Americans have little tolerance for any cheating on income taxes, regardless of whether the taxpayer is low-income or high-income, a small business or a large corporation.
While Americans are still against cheating on income taxes, support dipped very slightly from last year, according to a report from the IRS Oversight Board.
Among the findings from the 2013 Taxpayer Attitude Survey, the IRS found that 86% of Americans say it is not at all acceptable to cheat on income taxes, which is down one percentage point from last year’s survey.
The current attitude is still in line with past years with the peak coming in 2008 with 89% and the lowest point in 2003 at 81%. Tolerance for tax cheating (i.e. “a little here and there” or “as much as possible”) has always remained relatively low.
Three-quarters of respondents completely agreed with the statement “it is every American’s civic duty to pay his or her fair share of taxes,” which is the highest level recorded. And the public very much believes that no segment of taxpayers should be exempt from honestly paying taxes.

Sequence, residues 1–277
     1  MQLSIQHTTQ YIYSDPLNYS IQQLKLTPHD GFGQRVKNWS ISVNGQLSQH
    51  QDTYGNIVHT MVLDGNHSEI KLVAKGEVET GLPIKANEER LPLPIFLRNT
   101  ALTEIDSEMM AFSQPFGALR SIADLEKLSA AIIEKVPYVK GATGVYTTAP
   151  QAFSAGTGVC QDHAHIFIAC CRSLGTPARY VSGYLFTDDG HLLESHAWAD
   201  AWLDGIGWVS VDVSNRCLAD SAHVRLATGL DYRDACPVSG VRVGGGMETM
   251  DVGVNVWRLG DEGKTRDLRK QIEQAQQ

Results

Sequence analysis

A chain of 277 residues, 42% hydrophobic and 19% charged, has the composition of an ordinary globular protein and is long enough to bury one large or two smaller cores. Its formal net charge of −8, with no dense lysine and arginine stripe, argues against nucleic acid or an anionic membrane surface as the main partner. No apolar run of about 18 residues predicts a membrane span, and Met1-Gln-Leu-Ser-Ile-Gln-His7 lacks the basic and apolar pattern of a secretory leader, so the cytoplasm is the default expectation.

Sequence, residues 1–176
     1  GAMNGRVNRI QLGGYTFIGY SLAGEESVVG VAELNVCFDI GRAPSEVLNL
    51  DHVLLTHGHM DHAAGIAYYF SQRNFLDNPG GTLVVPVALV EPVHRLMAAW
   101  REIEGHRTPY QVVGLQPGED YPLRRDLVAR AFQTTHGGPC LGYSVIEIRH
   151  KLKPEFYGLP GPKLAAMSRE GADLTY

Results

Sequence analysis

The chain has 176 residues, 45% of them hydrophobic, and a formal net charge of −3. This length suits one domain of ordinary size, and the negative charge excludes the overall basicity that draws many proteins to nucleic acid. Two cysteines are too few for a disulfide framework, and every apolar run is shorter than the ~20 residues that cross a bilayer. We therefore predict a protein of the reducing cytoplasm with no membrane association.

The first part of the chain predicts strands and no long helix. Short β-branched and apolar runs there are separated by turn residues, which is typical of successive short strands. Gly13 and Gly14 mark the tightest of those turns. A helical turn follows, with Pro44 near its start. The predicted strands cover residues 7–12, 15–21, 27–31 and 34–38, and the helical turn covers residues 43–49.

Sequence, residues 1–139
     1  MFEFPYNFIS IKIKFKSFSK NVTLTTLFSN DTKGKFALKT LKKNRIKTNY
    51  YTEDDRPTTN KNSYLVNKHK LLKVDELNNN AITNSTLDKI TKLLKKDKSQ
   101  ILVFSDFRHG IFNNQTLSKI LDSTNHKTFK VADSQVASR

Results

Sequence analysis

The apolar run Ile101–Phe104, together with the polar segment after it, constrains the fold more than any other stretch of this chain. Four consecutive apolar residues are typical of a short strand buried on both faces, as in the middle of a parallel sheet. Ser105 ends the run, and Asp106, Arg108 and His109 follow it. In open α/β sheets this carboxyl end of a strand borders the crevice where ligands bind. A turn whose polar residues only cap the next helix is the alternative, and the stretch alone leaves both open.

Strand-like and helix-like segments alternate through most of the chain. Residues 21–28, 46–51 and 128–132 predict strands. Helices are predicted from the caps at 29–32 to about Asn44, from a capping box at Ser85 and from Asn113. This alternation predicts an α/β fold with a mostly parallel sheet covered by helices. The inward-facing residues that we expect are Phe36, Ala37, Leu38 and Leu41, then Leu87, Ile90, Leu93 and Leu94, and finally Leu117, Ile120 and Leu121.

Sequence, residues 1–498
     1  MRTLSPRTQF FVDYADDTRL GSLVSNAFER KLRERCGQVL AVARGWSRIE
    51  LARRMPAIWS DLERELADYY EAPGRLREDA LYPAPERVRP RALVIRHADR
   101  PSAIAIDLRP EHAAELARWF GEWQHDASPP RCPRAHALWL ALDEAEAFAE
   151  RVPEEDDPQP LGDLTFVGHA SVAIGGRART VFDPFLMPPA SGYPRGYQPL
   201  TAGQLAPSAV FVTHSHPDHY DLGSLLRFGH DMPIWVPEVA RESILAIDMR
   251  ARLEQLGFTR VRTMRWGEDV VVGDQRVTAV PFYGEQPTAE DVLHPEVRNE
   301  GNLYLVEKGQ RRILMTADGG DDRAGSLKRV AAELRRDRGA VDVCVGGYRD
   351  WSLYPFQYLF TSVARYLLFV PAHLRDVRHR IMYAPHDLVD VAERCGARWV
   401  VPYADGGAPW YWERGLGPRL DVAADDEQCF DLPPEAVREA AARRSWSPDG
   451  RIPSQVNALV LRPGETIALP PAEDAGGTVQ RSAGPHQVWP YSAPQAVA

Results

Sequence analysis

Only 39% believe the IRS maintains a proper balance between service and enforcement, while 55% say the IRS should receive extra funding to enforce tax laws. Compared to the 2012 survey, these percentages are down 4 and 7 points, respectively.
While IRS controversies in 2013 did not affect taxpayer satisfaction, it may have softened support for the IRS. While 78% reported being satisfied with their personal interactions with the IRS, only 59% believed the IRS should receive extra funding to assist additional taxpayers. Personal interaction satisfaction was up 2 percentage points from 2012, while belief in extra funding was down 8.
The survey also broke down how likely taxpayers were to use each of the IRS’ services. The most Americans (84%) said they were likely to call the IRS toll-free telephone line for help, with the average time spent on the phone at 13 minutes, up from last year. A close second were those who said they were likely to visit irs.gov for help (83%). Three-quarters of Americans said they were likely to visit an IRS walk-in office, mostly concentrated in lower income taxpayers.